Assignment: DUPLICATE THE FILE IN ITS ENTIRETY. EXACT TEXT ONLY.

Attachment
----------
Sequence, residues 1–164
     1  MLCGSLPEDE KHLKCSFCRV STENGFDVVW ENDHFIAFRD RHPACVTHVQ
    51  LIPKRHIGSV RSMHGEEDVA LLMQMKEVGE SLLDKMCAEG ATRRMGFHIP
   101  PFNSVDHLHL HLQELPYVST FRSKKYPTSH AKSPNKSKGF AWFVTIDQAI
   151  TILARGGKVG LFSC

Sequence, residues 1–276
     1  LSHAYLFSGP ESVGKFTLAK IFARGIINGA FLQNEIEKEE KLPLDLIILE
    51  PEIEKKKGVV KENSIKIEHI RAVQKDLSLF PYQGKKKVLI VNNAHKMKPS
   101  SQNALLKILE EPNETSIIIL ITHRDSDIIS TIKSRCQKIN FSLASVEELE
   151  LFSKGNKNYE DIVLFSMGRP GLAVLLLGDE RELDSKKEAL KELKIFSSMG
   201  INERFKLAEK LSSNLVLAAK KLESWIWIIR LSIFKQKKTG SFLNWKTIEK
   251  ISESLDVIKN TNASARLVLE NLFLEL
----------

Sequence, residues 1–164
     1  MLCGSLPEDE KHLKCSFCRV STENGFDVVW ENDHFIAFRD RHPACVTHVQ
    51  LIPKRHIGSV RSMHGEEDVA LLMQMKEVGE SLLDKMCAEG ATRRMGFHIP
   101  PFNSVDHLHL HLQELPYVST FRSKKYPTSH AKSPNKSKGF AWFVTIDQAI
   151  TILARGGKVG LFSC

Sequence, residues 1–276
     1  LSHAYLFSGP ESVGKFTLAK IFARGIINGA FLQNEIEKEE KLPLDLIILE
    51  PEIEKKKGVV KENSIKIEHI RAVQKDLSLF PYQGKKKVLI VNNAHKMKPS
   101  SQNALLKILE EPNETSIIIL ITHRDSDIIS TIKSRCQKIN FSLASVEELE
   151  LFSKGNKNYE DIVLFSMGRP GLAVLLLGDE RELDSKKEAL KELKIFSSMG
   201  INERFKLAEK LSSNLVLAAK KLESWIWIIR LSIFKQKKTG SFLNWKTIEK
   251  ISESLDVIKN TNASARLVLE NLFLEL